By: Joe Strupp
White House reporters, interviewed by E&P today, say Press Secretary Scott McClellan’s resignation today is not a surprise, adding that he likely chose to leave on his own and perhaps just tired of the difficult job after nearly three years in a sometimes harsh spotlight.
Several scribes noted that President Bush would have little reason to request McClellan’s departure, given that he took the media’s heat well, did not provide any serious gaffes, and stuck to the administration’s message of the day. One reporter did express uncertainty about whether McClellan was pushed out.
Later, writing on the Time magazine Web site, Michael Allen asserted, “McClellan did not want to go. Although he had talked to colleagues sporadically about departing as long as a year ago, he had planned to stay until after the midterm election. Friends said he had gotten the internal signal and wanted to get it over with, to short-circuit the craziness of having to refuse to speculate about himself from the podium.”
None of those who spoke with E&P would speculate on who McClellan’s replacement might be, other than to repeat the speculation about Fox News’ Tony Snow. Elisabeth Bumiller then wrote for the Times’ online site that other “potential successors who have been mentioned by Republicans” include Rob Nichols, the former Treasury spokesman, and Victoria Clarke, the former Pentagon spokeswoman.
“I have viewed Scott all along as someone who did precisely what the administration wanted him to do — tow the line, stick to the message and attempt to make no news,” said Chicago Tribune White House reporter Mark Silva. “This was infuriating to reporters who felt like they were never getting questions answered–but he served the White House with a real measure of calm and unflappability.”
McClellan, who has toiled in the top spokesman role since replacing Ari Fleischer in June 2003, probably had sought a change in his job, reporters said. “I suspect he left on his own, it is a long time to do the job,” Silva said. “He’s got a wife, and two more years is a long time for anyone.”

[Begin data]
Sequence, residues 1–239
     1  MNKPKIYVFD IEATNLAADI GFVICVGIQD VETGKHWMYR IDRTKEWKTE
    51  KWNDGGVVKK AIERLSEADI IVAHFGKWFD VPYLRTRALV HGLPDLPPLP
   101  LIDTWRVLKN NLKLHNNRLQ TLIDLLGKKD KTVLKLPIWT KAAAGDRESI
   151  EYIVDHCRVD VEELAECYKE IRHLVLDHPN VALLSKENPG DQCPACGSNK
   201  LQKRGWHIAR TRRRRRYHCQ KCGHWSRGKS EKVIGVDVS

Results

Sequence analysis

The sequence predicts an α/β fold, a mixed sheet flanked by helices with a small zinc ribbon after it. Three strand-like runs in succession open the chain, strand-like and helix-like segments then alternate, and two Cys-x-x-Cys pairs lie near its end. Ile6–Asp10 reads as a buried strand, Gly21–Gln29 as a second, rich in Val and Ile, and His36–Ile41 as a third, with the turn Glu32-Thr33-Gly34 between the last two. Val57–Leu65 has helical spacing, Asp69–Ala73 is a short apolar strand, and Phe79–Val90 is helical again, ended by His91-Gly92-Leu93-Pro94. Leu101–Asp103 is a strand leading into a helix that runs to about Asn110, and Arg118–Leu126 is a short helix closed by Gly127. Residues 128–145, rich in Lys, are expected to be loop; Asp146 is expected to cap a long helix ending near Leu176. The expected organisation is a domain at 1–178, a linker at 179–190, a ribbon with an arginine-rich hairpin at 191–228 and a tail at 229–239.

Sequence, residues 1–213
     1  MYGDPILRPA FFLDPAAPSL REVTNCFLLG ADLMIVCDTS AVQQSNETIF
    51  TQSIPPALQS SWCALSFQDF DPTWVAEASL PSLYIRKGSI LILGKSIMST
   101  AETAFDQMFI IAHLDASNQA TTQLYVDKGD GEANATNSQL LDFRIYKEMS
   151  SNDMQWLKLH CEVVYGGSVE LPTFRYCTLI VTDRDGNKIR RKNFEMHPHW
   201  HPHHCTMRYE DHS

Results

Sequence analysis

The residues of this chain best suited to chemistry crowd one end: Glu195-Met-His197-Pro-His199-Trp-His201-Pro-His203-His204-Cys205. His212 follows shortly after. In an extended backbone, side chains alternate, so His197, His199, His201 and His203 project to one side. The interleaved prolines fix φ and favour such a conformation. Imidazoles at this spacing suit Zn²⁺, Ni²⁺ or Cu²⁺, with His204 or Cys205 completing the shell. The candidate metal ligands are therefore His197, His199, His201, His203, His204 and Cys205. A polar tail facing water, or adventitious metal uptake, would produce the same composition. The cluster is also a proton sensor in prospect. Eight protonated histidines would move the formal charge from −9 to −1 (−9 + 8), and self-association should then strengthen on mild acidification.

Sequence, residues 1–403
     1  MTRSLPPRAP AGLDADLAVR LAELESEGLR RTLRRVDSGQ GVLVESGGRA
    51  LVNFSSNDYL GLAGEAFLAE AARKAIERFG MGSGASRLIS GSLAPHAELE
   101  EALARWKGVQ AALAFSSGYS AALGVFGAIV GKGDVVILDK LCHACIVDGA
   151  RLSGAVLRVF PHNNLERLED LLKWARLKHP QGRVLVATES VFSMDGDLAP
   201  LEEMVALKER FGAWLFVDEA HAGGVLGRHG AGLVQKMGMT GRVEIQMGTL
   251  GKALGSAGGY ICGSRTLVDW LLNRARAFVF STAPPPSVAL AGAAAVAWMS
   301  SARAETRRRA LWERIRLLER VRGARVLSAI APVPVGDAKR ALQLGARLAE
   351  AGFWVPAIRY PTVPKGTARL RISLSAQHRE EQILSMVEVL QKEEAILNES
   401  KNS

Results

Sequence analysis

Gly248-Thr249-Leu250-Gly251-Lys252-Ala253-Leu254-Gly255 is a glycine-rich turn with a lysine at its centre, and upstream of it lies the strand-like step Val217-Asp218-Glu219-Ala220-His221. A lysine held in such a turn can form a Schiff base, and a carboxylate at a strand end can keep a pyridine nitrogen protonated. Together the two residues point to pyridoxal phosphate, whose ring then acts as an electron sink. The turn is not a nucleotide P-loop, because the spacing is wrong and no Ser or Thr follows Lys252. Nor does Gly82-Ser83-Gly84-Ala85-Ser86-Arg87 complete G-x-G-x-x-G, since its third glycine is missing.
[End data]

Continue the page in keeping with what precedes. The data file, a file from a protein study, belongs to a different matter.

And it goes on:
Knight Ridder reporter William Douglas, who has covered Bush for three years and previously covered Bill Clinton’s second term, agreed. “No one lasts in that job forever, I don’t think he was pushed,” said Douglas. “He has had a rough couple of years, between the Libby and Rove stuff. I didn’t envision him doing a full four. He has had a lot to answer to. That job wears you down no matter who you are.”
Douglas added that the recent administration shake-ups, which included the departure of Chief of Staff Andrew Card and other top officials, almost made McClellan’s departure a foregone conclusion. “We heard rumblings that he might leave, but no rumblings of being pushed out,” Douglas said.
Steve Scully, political editor for C-SPAN and incoming president of the White House Correspondents Association, said “I think there was a lot of politics involved, but he probably wanted to leave on his own terms.”
Elizabeth Bumiller, who covers Bush for The New York Times, also saw a change coming. “He has hinted for a long time that he might move on, it’s been three years,” she said. When asked if he was pushed out, she said “it doesn’t seem like it, but I don’t know. I can’t tell.”
Bumiller also described his performance as “helpful one on one, and fair and good natured.”
Peter Baker, White House correspondent for The Washington Post, said he would miss McClellan on a personal level, saying “I have a lot of respect for Scott, he had a very hard job and did what they wanted him to do.” On a professional level, though, he said, “I hope his replacement will be allowed to work with us.”
Baker went on to say that a change in the press secretary position will not mean much if the next person operates the same way, “as a public face of a White House that doesn’t like to communicate with the press. Will the [next] person have a real mission? Other press secretaries have had more of a mission to work with the press, but that is not how this president operates.”